The church at Ephesus was established in Acts 19, when the apostle Paul encountered a group of about a dozen men (evidently Gentiles) who were disciples of John the baptizer (vv. 1-7). When he realized that their understanding was incomplete, Paul told them “the rest of the (gospel) story” and they were baptized into Christ.
The letter to the Ephesians is one of the “prison epistles” (Ephesians, Philippians, Colossians, and Philemon), written during the time when Paul was imprisoned in Rome (around 60 A.D.). Unlike the Corinthian or Roman letters, Paul did not write (to the Ephesians) to correct error, so much as to explain in detail the fundamental principles of the gospel and the impact of God’s grace in our lives. His first point (in 1:4), is that every spiritual blessing originates with God, and that these blessings are only available “in Christ.” It is important for us to understand the implication of this statement, because we can easily mistake God’s “general” goodness (Matthew 5:45) for His spiritual blessings. The fact that He is kind and generous to all people (even those who hate Him) should not be interpreted as proof that He approves our behavior. We can know with certainty that He approves what we’re doing only when we follow His instructions (1 John 3:22).
Paul explains the relationship of grace and faith in Ephesians 2:1-10. Sin separates us from God (the Source of life) according to Isaiah 59:2 and 1 John 3:4, which is the definition of spiritual death. Paul notes (vv. 1-3) that this was the condition of the Ephesians before they became Christians. Here, Paul is showing us that God’s grace (His offer of salvation) combined with human faith (our reception/ acceptance of God’s offer) is what results in our salvation. This could also be expressed as “God’s participation combined with man’s cooperation yields victory over sin!” It is important that we read accurately the words of Ephesians 2:5 and 8, because if “grace” in verse 5 means grace “only” (as some Protestant theologians claim), then this rules out even the faith mentioned in verse 8. It is also important point out that “faith” in verse 8 is not the same as “faith only.” (James explains in James 2:17-24 faith only is actually “dead” faith). The only way faith can live and be effective in obtaining the blessing of God’s grace is for it to be expressed in obedient action – just as the word directs.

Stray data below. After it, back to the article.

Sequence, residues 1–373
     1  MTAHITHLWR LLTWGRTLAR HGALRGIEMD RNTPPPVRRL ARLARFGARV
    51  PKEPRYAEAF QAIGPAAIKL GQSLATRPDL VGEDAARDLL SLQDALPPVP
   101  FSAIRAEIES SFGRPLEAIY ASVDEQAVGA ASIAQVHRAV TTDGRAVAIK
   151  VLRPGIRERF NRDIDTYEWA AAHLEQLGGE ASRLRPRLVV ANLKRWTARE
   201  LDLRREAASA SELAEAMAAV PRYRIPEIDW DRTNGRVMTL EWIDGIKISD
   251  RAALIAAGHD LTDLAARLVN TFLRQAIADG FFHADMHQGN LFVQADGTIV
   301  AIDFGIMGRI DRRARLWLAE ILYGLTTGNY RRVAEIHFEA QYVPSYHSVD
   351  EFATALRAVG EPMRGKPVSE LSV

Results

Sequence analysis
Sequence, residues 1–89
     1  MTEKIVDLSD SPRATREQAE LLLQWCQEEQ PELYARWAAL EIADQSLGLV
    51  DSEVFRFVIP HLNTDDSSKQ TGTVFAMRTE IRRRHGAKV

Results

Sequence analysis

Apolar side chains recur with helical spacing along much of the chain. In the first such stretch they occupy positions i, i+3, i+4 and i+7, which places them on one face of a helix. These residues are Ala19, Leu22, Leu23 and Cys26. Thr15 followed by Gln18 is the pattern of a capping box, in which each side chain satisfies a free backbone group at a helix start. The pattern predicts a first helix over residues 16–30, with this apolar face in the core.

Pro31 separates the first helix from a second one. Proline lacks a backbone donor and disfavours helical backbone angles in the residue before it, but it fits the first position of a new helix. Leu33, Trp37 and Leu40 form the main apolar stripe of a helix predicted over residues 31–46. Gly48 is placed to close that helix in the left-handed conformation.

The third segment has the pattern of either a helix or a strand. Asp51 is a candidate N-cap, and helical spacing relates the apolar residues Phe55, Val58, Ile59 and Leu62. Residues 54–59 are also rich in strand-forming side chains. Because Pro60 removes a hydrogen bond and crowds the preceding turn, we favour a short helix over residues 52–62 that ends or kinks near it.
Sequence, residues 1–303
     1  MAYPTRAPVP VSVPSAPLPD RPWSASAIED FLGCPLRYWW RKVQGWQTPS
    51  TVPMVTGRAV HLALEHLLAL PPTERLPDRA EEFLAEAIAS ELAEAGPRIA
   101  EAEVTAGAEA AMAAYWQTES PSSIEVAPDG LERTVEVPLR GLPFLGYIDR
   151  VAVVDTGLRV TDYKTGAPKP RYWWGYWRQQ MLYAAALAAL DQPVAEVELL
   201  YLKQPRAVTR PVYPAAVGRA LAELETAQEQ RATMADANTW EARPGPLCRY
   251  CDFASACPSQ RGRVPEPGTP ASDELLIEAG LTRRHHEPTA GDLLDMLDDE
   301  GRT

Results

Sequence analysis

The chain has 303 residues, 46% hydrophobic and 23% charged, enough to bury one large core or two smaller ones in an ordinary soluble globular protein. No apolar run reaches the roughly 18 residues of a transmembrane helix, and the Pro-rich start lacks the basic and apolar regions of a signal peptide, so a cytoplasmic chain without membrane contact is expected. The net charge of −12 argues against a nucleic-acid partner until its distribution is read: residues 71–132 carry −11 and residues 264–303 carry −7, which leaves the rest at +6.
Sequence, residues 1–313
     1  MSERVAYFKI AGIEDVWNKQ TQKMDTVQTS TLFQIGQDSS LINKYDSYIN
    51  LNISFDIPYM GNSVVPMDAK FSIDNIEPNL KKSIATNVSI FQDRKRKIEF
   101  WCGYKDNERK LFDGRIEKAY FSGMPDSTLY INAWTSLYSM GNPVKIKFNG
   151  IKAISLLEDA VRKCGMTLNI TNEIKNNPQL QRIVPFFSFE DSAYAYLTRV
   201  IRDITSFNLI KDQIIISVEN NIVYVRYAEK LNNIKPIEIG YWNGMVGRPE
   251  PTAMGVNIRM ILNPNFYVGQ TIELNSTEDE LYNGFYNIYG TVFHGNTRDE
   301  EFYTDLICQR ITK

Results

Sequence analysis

Notice also that Ephesians 2:11-22 says that there are no Jews or Gentiles “in” Christ; all who obey the gospel are united together as one body, one people in Him. In this way we are able to return to the condition that existed in Abraham’s day, when all people were equal and there were no Jews or Gentiles. At verse 18, Paul also shows the active involvement of all three Persons of the Godhead (Father, Son, and Holy Spirit) in our salvation from sin.